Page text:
At this week’s media preview for the 2012 Focus, Ford set out an entertainment option decidedly different from the free alcohol, complimentary top-shelf meals, and gorgeous PR people one normally finds at these events: a Gran Turismo game in 3-D. After just a few moments of watching one of my compatriots racing a Ferrari F40 against a field of compact sedans and falling behind by half a lap, I had to turn away from the screen. I have a fear of watching bad driving, even online, due to the remote possibility it could infect my brain… but it was also difficult for those of stuck in 2-D land to stay focused on the game without suffering a bit of headache or fuzzy vision.
Although the game was empty for most of the evening, I didn’t bother with it. I might have taken a shot had it been in 2-D, but the extra depth didn’t appeal to me, for precisely the same reason that video games of any kind rarely improve one’s real-world track driving. When operating a car at the proverbial limit, or close to it, the eyes operate differently. I’ll explain.
Human vision has some pretty amazing “widescreen” technology built right in. Your baby blues work with certain subroutines in the optic nerve system, resulting in a combination of fisheye-lens field of vision and remarkable ability to focus on small objects in that field of vision. The eye itself, however, isn’t that great. It sees some colors better than others. It has trouble detecting edges. And what it actually sees at any given time is a small amount of what you think you are seeing. If your eyes held perfectly still, chances are you wouldn’t even be able to see this entire screen. Luckily for you, the eyes are always in motion — except when they aren’t.
The phenomenon of the visual saccade creates the world we see. Our eyeballs are constantly in random motion, looking at one thing and another, with no well-defined pattern. They fill in small spaces of our visual field and the brain holds those spaces static until the eyeball updates that area again. Right now, you are “seeing” a remembered pattern composed of many small visual splotches. Imagine sitting drunk in a movie theatre, shooting paintballs at the screen. Then imagine you get caught. Ugh. Why did I do that? But if the cops didn’t intervene, you would eventually cover the entire screen with paint, just through the mechanics of random chance. The eyes work the same way, painting the screen of your mind with little splashes of sight.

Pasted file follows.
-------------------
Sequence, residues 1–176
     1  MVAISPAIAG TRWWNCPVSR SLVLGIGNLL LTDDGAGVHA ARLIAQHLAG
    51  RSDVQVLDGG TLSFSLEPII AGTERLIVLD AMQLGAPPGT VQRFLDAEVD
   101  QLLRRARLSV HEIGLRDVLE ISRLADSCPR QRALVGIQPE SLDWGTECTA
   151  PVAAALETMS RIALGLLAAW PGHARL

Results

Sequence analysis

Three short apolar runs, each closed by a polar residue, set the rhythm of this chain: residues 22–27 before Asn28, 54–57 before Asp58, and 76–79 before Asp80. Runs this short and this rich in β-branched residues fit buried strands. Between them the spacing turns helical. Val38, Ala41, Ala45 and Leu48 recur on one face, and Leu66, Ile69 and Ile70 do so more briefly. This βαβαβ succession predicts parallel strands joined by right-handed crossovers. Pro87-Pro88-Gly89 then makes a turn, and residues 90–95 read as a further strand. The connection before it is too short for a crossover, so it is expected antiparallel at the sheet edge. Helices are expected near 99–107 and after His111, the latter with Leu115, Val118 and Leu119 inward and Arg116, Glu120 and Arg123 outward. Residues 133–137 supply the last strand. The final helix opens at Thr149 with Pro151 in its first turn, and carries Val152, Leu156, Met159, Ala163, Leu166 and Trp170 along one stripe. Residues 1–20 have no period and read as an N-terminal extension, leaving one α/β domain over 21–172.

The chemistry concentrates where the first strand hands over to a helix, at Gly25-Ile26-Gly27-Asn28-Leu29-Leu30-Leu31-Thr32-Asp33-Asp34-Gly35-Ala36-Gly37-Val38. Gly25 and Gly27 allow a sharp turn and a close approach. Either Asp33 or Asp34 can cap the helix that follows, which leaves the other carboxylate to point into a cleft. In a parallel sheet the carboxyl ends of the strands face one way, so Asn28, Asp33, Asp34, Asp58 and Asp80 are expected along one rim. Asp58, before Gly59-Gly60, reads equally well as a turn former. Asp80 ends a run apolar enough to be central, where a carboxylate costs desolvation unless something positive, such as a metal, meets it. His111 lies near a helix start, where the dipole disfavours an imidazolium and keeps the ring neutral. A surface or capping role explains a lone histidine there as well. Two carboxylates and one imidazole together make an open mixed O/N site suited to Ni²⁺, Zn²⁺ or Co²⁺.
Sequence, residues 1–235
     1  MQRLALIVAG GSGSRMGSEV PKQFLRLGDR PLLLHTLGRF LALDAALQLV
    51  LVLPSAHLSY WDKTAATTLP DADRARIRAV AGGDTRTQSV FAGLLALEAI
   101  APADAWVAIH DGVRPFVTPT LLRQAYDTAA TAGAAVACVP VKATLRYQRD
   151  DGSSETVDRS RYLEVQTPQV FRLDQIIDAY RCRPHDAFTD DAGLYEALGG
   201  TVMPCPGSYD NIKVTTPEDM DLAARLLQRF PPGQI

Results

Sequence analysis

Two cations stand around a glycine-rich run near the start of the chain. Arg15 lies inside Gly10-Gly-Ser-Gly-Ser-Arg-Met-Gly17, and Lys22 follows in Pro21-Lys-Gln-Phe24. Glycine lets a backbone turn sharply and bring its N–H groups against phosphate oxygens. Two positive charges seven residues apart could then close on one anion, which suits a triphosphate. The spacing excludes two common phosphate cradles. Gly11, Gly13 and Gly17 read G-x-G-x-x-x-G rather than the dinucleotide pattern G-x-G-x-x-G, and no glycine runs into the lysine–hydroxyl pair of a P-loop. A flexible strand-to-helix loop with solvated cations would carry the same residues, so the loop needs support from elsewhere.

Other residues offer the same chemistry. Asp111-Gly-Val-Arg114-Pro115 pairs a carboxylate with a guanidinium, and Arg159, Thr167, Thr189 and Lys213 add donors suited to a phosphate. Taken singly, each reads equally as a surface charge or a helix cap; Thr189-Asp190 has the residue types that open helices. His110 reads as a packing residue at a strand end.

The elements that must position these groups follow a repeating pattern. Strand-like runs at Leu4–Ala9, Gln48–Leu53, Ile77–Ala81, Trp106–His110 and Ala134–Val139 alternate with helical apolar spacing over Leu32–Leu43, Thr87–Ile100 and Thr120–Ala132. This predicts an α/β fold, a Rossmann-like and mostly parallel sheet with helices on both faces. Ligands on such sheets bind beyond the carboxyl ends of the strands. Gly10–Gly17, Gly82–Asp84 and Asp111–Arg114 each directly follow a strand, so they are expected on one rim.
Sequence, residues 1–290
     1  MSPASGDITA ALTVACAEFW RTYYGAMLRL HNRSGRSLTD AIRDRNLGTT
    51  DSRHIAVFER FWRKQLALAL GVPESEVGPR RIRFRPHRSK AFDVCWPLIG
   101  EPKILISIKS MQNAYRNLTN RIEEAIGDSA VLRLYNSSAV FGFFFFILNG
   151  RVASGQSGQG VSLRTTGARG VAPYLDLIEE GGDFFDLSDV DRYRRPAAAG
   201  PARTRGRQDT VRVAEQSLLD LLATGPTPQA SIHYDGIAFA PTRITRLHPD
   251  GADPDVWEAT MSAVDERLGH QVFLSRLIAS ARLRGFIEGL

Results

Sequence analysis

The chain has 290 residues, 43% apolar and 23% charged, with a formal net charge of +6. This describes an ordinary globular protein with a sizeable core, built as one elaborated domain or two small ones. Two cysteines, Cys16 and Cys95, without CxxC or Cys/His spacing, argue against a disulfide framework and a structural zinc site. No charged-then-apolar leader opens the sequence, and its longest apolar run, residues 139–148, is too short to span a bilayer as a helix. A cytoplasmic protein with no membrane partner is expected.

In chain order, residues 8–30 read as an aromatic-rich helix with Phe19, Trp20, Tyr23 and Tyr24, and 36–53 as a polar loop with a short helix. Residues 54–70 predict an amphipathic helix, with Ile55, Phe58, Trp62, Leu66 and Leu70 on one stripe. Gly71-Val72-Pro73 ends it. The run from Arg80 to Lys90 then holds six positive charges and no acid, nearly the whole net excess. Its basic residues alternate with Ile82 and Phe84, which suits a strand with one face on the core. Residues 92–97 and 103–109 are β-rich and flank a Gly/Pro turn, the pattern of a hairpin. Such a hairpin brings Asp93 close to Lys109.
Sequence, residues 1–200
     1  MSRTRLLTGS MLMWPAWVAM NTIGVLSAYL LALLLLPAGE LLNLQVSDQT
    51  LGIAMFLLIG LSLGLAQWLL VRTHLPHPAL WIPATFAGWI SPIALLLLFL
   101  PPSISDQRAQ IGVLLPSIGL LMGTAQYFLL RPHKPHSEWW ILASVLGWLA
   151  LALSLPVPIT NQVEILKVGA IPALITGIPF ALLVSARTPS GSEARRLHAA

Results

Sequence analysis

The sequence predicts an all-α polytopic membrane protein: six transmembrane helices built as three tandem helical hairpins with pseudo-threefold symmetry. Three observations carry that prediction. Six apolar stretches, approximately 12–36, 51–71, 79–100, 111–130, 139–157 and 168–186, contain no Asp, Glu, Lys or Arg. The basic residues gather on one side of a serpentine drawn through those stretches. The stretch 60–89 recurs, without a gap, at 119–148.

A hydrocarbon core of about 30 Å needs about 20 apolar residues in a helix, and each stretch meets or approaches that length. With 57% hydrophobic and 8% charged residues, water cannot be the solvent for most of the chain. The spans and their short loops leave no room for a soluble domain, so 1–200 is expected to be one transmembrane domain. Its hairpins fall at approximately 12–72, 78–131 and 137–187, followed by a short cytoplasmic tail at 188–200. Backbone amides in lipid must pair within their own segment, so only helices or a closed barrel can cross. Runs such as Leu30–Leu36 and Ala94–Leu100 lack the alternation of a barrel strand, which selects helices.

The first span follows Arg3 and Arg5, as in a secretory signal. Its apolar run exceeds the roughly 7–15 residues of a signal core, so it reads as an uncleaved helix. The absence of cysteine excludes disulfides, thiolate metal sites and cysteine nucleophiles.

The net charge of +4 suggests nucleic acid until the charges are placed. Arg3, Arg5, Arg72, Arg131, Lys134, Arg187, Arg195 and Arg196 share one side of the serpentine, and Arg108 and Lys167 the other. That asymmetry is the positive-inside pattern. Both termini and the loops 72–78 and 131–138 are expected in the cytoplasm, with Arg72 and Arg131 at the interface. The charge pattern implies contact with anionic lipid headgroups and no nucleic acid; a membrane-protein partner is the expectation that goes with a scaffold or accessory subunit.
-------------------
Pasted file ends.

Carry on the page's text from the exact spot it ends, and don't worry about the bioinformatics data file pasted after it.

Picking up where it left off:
The phenomenon of “tunnel vision” becomes easy to understand in this context. In situations of extreme terror, your muscles freezes — and the muscles of your eyes aren’t exempt from that rule. The visual updates outside a very small area fade and the brain paints them as empty. Your vision becomes restricted to the small patch your frozen eyes are communicating. On a racetrack, that leads to crashing, pronto.
I lead my students through a variety of vision-enhancing exercises, most of which I learned from Ross Bentley a few years ago. Your mind functions best when it has a lot of information available to it. The more you see, the faster you go, even if you are looking at things which your conscious mind believes to be irrelevant to the task at hand. On a racetrack, we are continually struggling to open up our field of vision, let the visual saccades do their thing, and feed our brain high-quality data.
Once we’re standing in front of an LCD screen, however, the game changes. The important visual field shrinks. We train ourselves subconsciously to cut down on the saccades and focus on the screen. Sometimes we don’t even see our girlfriends sitting next to us sulking. Okay, maybe we’re just not paying attention. But you get the idea. It’s negative reinforcement for your racing mind.
Adding 3-D to the picture just complicates things. Now we are forcing an artificial perspective on the situation. I hope you aren’t learning to pass cars by playing GT5. You’ll end up either rubbing a fender or leaving enough space for a competitor to punk you out. In the real world we need the fisheye vision.
Not that any of this mattered to my media pals. Not only are they not racers, most of them chose the old Pole-Position-style “three-quarter overhead view” where the whole car is visible. If you think that’s doing anything for your driving other than wasting the time you could be spending improving it, you are kidding yourself. Unless, that is, you race in a chair seated fifty feet above and behind your car — but I’m going to shut up about that before the SCCA makes it part of the safety regulations. My favorite parts of the 3-D racing world, the mayhem, destruction, and thunderous blood of the real racetrack, are already compromised enough.